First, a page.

Greater Victorians love the festival culture of the city, but are concerned about the affordability of rental housing and home ownership.
Those are just two of the many findings contained in the 11th annual Vital Signs community checkup, unveiled Tuesday by the Victoria Foundation. The report, which pairs volunteer survey answers from the public with available statistics about the Capital Region, determined an overall quality of life grade of B+, the same as last year.
Victoria Foundation director of communication, Rob Janus, pointed out that while the overall satisfaction remains fairly high, people’s feelings about certain aspects of life in Greater Victoria are changing.
“The big one that we caught onto right away was in the ‘most important issues’ [category]. That’s where we saw the shift,” he said. “Cost of living has been ingrained at that number 1 spot for so long, seeing housing and homelessness at the top was a definite change.”
The latter was the most common response on the list of most pressing issues facing Greater Victoria, with 52.4 per cent of respondents selecting it. Cost of living was a close second at 48.6 per cent, followed by mental illness at 25, transportation at 20.4.
The issue of sewage treatment made the biggest jump among the “most important” issues list. It was named by 20.1 per cent of respondents and moved from ninth to fifth. Janus noted that particular list tends to be closely linked with what is making news in the media.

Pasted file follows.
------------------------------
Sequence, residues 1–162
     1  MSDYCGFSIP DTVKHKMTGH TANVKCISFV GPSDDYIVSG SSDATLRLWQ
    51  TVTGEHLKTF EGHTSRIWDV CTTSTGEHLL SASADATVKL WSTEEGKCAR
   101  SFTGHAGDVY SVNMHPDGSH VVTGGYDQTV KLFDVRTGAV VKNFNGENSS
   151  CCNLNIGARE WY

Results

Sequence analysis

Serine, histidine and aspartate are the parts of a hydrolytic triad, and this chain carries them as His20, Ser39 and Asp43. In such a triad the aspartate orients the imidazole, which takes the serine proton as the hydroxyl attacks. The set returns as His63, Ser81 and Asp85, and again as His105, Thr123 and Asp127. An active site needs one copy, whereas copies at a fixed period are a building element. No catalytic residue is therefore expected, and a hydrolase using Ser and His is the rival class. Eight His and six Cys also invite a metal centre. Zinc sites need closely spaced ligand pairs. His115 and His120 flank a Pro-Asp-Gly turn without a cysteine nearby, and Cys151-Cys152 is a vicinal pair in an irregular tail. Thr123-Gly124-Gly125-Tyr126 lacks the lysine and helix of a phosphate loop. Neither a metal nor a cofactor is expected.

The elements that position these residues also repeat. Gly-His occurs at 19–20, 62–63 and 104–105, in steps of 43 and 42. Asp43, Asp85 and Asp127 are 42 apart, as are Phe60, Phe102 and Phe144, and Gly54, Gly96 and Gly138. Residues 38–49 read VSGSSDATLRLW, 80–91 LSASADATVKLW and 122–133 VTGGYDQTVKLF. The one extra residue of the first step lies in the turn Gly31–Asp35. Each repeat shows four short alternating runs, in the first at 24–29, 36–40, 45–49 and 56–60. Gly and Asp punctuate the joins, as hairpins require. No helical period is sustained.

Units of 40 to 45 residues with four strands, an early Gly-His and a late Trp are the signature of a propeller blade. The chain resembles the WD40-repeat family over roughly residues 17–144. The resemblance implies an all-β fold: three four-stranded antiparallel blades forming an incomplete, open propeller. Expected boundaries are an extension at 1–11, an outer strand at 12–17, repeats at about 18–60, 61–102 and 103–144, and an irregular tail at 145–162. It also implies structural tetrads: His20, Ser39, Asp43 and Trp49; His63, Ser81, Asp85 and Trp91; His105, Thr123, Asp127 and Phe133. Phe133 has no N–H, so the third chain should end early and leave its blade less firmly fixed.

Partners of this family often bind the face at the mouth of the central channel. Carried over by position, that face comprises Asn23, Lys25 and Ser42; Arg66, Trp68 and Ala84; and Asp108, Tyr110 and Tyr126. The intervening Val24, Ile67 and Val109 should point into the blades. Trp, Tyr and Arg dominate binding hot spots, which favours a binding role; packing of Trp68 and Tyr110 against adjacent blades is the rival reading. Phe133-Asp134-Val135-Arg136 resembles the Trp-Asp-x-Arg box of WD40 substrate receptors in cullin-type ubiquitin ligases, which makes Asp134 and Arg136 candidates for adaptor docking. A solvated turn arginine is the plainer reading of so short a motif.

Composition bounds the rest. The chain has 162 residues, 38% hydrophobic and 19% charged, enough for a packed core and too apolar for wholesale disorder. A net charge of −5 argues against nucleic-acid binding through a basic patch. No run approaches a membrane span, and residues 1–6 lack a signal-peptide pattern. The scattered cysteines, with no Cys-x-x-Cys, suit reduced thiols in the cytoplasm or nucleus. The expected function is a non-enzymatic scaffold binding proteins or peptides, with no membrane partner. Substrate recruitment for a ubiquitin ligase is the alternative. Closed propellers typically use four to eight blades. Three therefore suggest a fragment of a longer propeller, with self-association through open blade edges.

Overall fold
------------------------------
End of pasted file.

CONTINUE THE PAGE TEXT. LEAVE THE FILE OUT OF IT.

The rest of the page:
West Shore residents’ thoughts sure to be included among respondents
While the survey respondents’ area of residence was listed as part of the results, Janus said the survey questions reflect areas of interest and concern for residents from across the region, from the West Shore to the Saanich Peninsula.
“While what you’ll see in here will resonate with readers in those communities, it’s regional data that looks at our region as a whole, including the West Shore. I think they’ll find themselves in that data.”
The Victoria Foundation is a community organization and charity that connect donors with charities and manages donations to create income-earning funds, which are then distributed to charities. Vital Signs helps target areas of focus for the foundation’s efforts, Janus said.
“At the start it was going to be a tool just for us, to be able to better inform ourselves and our donors,” he said of the report’s beginnings. “Now it really is so much more than that, it’s built right into everything we do now. We use it on the granting side, helping donors understand where their dollars are going, and use it as a third pillar to foster collaboration and connectedness between groups.”
For the last number of years, the Vital Signs report has been published in a easy-to-read guidebook format, as well as online, to not only allow readers to learn more about their community, but to find potential areas of interest for volunteering or other purposes.
Large sample size for volunteer survey